A new Stanford study released on Wednesday says hot and dry conditions are increasingly going to hit multiple regions at the same time — shrinking crop yields, destabilizing food prices and laying the groundwork for large wildfires like we've seen in California in recent years.
This comes on the heels of another study earlier this week from the American Geophysical Union which measured the rise in extreme heat events in both summer and winter. The AGU study was one of the first to also look at relative extreme temperatures — "hot" days in winter, cold days in summer.
The Stanford study examined historical data to quantify the odds that different regions experience hot and dry conditions in the same year. The authors calculated that before 1980 there was just a 5 percent likelihood that two separate regions would be dry and have extreme temperatures in the same year. Since then, the odds have risen to 20 percent.
This matters because in the past if one region was hot and dry, resulting in low crop yields, the agricultural surplus in another region might compensate. Increasingly, that's no longer the case. For example, the odds that both China and India — two of the world's largest agricultural producers — have low precipitation and extremely warm temperatures in the same year has increased from 5 percent to 15 percent.
“The global marketplace provides a hedge against localized extremes," noted Noah Diffenbaugh, a Stanford climate scientist and co-author of the study, "and we’re already seeing an erosion of that climate buffer as extremes have increased in response to global warming,”
The study also analyzed climate projections for future scenarios. Since the late 19th century, the global temperature has increased 1.8 degrees Fahrenheit. Moving forward, the study's authors found, in many regions the odds increase to 75 percent that average temperatures will rise well beyond the normal range experienced this last century.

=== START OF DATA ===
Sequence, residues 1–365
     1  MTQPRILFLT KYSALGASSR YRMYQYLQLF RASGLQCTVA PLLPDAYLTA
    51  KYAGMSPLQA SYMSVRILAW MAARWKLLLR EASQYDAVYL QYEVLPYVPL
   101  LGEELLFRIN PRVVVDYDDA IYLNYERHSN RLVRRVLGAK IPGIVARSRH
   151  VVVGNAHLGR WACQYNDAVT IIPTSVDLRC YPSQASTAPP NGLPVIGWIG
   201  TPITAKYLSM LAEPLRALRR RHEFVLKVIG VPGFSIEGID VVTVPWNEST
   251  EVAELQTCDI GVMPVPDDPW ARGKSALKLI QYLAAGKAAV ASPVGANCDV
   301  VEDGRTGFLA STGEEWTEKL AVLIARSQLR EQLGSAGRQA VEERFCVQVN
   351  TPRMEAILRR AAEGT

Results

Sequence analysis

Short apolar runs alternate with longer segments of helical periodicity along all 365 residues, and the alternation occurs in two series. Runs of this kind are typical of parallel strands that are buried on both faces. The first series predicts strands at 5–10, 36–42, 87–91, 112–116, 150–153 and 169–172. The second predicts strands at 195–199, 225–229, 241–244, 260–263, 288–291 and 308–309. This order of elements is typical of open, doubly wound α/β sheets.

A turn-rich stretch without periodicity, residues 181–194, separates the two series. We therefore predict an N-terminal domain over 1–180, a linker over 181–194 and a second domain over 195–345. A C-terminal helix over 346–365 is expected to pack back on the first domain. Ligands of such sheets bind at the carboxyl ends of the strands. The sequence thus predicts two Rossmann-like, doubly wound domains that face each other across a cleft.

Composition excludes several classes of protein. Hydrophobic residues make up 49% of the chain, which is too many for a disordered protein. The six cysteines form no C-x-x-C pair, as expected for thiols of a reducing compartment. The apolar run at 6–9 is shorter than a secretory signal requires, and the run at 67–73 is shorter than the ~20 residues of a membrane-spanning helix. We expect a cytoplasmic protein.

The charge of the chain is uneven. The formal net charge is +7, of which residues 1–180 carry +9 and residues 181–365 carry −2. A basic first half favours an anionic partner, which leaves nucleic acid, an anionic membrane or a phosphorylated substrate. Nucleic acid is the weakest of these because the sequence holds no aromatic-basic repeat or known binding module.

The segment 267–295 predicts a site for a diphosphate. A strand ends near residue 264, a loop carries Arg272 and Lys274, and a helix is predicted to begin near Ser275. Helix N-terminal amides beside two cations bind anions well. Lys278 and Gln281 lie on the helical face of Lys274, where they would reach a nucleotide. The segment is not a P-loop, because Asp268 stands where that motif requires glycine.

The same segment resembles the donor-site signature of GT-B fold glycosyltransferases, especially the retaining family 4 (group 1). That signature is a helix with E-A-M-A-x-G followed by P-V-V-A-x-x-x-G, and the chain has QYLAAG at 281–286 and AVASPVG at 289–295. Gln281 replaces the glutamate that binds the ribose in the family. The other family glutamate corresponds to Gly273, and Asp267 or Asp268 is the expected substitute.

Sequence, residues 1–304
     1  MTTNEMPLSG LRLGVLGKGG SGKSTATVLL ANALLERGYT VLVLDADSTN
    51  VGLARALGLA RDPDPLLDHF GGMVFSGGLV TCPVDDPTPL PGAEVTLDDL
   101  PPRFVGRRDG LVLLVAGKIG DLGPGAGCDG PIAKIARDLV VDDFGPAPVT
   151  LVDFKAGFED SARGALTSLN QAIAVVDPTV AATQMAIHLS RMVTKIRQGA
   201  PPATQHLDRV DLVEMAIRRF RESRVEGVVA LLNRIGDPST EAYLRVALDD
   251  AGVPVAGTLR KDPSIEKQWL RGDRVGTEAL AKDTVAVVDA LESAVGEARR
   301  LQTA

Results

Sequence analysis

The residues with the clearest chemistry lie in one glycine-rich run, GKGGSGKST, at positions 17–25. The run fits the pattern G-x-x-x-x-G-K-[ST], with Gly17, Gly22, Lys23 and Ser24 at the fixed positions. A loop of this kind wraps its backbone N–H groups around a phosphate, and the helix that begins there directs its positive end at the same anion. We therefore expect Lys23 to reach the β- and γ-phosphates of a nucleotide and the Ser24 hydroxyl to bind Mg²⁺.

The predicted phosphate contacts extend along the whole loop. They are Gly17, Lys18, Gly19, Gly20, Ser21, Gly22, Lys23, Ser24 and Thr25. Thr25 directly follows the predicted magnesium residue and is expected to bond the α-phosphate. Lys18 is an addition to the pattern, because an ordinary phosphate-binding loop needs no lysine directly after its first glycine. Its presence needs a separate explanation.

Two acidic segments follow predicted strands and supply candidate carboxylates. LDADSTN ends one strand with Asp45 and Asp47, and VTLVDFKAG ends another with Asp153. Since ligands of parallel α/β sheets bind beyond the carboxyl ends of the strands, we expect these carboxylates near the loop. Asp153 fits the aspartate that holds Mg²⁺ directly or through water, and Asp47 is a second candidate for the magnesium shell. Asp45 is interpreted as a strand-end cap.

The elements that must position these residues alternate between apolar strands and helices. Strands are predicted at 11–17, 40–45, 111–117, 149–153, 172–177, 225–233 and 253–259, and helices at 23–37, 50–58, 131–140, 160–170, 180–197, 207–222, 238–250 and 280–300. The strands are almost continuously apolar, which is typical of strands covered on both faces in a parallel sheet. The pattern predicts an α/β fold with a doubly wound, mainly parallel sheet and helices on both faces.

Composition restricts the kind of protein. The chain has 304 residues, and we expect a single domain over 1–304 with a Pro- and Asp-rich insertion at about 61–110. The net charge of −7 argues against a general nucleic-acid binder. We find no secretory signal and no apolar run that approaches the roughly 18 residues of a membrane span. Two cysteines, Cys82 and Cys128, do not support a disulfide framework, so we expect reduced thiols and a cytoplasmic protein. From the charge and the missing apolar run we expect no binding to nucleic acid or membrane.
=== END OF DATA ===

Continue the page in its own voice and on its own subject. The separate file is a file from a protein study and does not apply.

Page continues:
It's not just going to get hotter in the summer, though. It's going to get warmer in the winter too — which also has lasting implications.
The other new study released this week, from the American Geophysical Union, found both relative and absolute "extreme heat" events have increased across the U.S. and Canada since 1980, while both relative and absolute extreme cold events decreased. In other words, we've seen a rise in both overall extremes, like the absolute hottest days in summer, but also extremes for the normal range of that time of year, like unseasonably warm days in winter.
“Relative temperature anomalies can trigger what are called phenological mismatches, where a mismatch in the temperature and the season can cause trees to bloom too early and birds and insects to migrate before there is appropriate food,” said Scott Sheridan, professor in geography at Kent State University and lead author of the AGU study.
For example, the unusually warm month of March in 2012, across the eastern and midwestern U.S., caused vegetation to bloom prematurely and then die off in subsequent frost, leading to large agricultural losses (2012 remains the hottest year on record in the continental U.S.). Mid-winter thaws and early-season heat can also have health impacts on vulnerable populations.
Extreme heat events have increased across 79 percent of the U.S. and Canada, with the trend greatest in the southern U.S. and northern Quebec. Relative extreme heat events have increased at a greater rate, averaging .22 more days per decade, with some parts of the southern U.S. showing an increase of up to one day per decade of relative extreme heat. At the same time, extreme cold events have decreased at higher rates.
The Stanford study modeled what would happen if the 200 nations in the U.N. Paris agreement achieved their emission reductions targets. The authors found that would dramatically reduce the likelihood of compounding hot, dry conditions in multiple regions.
“There are still options for mitigating these changes,” said Sarhadi.